Local news media. Your event’s at a con, and the con’s in a community. Contact the nearest and biggest newspapers, TV news shows, radio news producers, online news sites, and other media.
Include college and university news organizations. Students can account for a huge slice of con attendees.
Ditto for servicepeople if the con is near a military base. Every base offers news for people in uniform and their families.
Comics retailers. Local retailers and their customers may want to join your event. Use the Comic Shop Locator Service to find the shops. Contact the Comics Professional Retail Organization and Comic Book Industry Alliance, too.
People participating in the event. Are you running a panel? Ask the speakers to send your announcements to their contacts, colleagues, and friends, and to post the news on their websites, social media pages, and elsewhere. The same goes for anyone involved in any other event that you’re running.
If you hear of people who plan to go to your event, ask them to post the news as well, and to invite friends.
Everyone you know. Announce your event to everyone who could possibly show up.
Put a link to your event’s online home in the signature of your email, even when your email isn’t about the event or the recipient can’t go to the event. Your event may be in New York and your invalid mom may be in L.A., but Mom may know people in New York who’d want to see what you’re doing.
7. Make friends with the con’s staff.
If you ignore them and treat them rudely, the people who make the con go can do the same to you. But show them friendliness and respect, and they may want to do their jobs especially well. For instance:
The press relations officer can help you reach journalists.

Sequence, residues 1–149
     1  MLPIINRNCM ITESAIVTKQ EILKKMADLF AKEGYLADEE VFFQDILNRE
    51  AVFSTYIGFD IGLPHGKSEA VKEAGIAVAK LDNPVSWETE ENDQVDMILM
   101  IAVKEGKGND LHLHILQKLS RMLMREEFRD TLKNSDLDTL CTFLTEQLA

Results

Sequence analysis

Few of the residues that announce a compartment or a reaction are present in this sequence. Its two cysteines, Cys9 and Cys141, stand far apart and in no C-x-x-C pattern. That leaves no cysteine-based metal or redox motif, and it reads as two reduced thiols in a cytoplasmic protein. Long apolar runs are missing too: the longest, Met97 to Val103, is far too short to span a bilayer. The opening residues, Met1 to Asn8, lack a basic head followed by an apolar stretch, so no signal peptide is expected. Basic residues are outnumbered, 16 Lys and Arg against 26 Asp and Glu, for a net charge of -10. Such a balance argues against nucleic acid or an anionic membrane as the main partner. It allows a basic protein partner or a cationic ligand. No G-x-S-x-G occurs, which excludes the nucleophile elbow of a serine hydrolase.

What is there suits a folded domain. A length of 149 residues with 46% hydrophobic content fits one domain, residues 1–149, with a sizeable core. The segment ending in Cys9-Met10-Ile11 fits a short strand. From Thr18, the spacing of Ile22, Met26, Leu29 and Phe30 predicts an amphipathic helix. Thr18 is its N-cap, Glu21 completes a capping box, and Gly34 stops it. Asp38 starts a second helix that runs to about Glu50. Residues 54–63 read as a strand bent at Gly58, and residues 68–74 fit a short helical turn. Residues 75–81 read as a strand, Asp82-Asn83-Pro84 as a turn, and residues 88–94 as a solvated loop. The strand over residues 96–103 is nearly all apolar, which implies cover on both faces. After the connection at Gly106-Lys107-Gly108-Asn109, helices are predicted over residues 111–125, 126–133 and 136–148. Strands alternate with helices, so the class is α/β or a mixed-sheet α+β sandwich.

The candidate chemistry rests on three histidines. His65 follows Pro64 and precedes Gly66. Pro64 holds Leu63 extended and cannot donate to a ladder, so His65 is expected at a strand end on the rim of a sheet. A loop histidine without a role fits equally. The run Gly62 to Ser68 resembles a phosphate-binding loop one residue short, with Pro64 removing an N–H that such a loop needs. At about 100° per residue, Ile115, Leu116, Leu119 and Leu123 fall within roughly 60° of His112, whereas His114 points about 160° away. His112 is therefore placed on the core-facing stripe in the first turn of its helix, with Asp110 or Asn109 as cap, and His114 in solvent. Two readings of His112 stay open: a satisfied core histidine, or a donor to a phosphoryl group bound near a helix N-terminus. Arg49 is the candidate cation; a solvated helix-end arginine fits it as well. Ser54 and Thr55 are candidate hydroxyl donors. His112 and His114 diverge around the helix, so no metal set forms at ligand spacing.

The program book’s editor can ensure that your listing appears in full and on the right page.
The security chief can keep your attendees and any passers-by from making trouble.
The venue manager — whether he’s the boss of the convention center or the con’s manager of a specific area (e.g., the exhibit hall can offer resources) — can offer various resources.
The programming officer can ensure that a panel discussion has enough chairs for the speakers and that their microphones work.
Be nice to the lower-level staff, too.
8. Print flyers for distribution during the con.
Flyers should display the event’s key information: when it begins, where it takes place (with a map, if necessary), who’s involved (with photos), and what the attendees can expect to happen.
If the con permits, put flyers in the registration area (particularly press registration), the press room, the exterior of the event venue, and the freebie table. Visit the table from time to time to ensure that other giveaways haven’t buried your flyers.
9. Roam the convention center, especially the exhibit hall, and offer flyers to people who might be interested in your event. For instance:
Journalists. You can detect them by their press badges or professional camera equipment.
People lining up for events like yours.
People in T-shirts or costumes featuring characters or text related to something in your event.
People in fan clubs related to something in your event. Some cons give fans exhibit-hall tables.
Whenever you talk with people about your event, ask if you can put them on the event’s contact list.
10. Keep publicizing even after the event begins.
When your event begins, write a note about it and shoot a photo or a video. Do it again if someone at your event says or does anything interesting. Post these items on social media and remind people that the excitement is going on right now. Include the event’s location and the time when the event ends.
David Seidman has worked in comics for Disney NBM, Papercutz, Marvel, and other companies. You can read more from him at his website.